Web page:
Commercial landlords have an inherent fear that tenants will fail to pay their rent. If a tenant does not pay, the landlord knows that the only path to financial recovery or eviction is usually a lengthy court proceeding. That means hiring lawyers and paying legal bills, all while losing potential rental income. To avoid this fate, landlords will sometimes ask for personal guarantees from the owners and/or officers of potential commercial tenants as a condition of giving them a lease.
What are personal guarantees, and should you sign one?
A personal guarantee is a legal document that means exactly what you would expect: an individual promise that, if your business is unable to pay its obligations, you will have ultimate responsibility. For example, imagine that your company’s rent for its commercial office space is $6,500 per month for a one-year lease. If your business cannot afford the last two months of rent for any reason, for example, due to a disappointing sales quarter or higher-than-expected overhead costs, your landlord could sue you personally for $13,000. The judgment would not be entered against the company, but against you, and the debt would be paid from your own bank accounts.
Personal guarantees circumvent the legal rule that, in most business structures, the owners and officers are not personally responsible for the debts of the business. For example, the members of limited liability companies (LLCs) and the directors, and shareholders, of corporations are usually immune from personal liability. The same goes for the executives of companies, who are typically mere employees. The CEO or president might have been the person to agree to a bad lease but is usually not personally on the hook if the company cannot afford to pay it. Similarly, if an LLC is sued, the members’ personal assets are not usually on the line to pay a potential judgment; the LLC itself must pay out of its cash reserves or other assets.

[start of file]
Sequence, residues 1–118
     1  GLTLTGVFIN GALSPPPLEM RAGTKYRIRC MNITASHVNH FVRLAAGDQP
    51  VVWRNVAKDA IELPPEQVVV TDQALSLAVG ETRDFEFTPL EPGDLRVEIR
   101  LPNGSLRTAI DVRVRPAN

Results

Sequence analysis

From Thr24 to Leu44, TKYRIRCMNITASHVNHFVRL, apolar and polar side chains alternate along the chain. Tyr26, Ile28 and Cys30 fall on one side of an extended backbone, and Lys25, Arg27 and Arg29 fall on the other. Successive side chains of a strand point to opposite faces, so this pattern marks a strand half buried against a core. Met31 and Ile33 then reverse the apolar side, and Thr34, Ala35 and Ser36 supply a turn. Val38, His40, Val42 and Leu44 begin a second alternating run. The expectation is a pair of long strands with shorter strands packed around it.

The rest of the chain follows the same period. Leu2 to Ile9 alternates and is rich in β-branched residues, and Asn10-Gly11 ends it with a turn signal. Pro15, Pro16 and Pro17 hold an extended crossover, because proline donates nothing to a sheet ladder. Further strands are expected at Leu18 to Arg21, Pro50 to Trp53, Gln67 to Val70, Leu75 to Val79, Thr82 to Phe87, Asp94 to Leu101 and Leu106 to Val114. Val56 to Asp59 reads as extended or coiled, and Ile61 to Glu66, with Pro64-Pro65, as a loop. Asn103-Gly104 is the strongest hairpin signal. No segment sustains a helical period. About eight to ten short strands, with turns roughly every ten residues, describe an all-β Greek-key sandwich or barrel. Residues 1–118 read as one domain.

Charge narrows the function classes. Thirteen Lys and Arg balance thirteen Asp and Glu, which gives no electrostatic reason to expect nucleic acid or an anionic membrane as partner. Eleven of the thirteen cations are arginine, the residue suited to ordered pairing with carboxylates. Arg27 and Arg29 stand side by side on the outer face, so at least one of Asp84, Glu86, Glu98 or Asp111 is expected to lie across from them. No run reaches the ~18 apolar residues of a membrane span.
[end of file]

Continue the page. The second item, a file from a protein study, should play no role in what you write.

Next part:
A personal guarantee is a contractual legal device that gets around these rules by having someone promise to cover the debts and obligations of the business. It is ordinarily a separate document from the lease, containing the notarized signature of the guarantor. From the landlord’s perspective, this creates another potential pocket of recovery money. If the business cannot pay the rent owed, the landlord can go after the individual guarantor.
Alternatives to Personal Guarantees
As a commercial tenant, it is likely in your interest to avoid signing personal guarantees on your business’s leases. No matter how confident you are in your business’ prospects, market conditions can be uncertain, or the economy can be unpredictable. Avoid risking your personal assets, such as savings accounts and property, simply to convince a landlord of your company’s solvency. Many commercial landlords require personal guarantees as a matter of course. This is often the case in large urban buildings managed by real estate firms. Smaller property owners might be more willing to negotiate the issue with potential tenants, particularly if the rental market is weak and they would like to fill their space quickly. Even large landlords might be willing to negotiate if tenants are able to allay their fears of default. If your potential landlord wants assurance of your business’s ability to pay, a client may wish to consider other options that are less risky. For example, you could agree to provide financial statements or proof of accounts receivable, to show that your business will be able to cover the rent costs. Another option is to offer to pay the first and last month of rent up front, together with the full security deposit. This would provide the landlord with a good deal of comfort without risking your personal assets.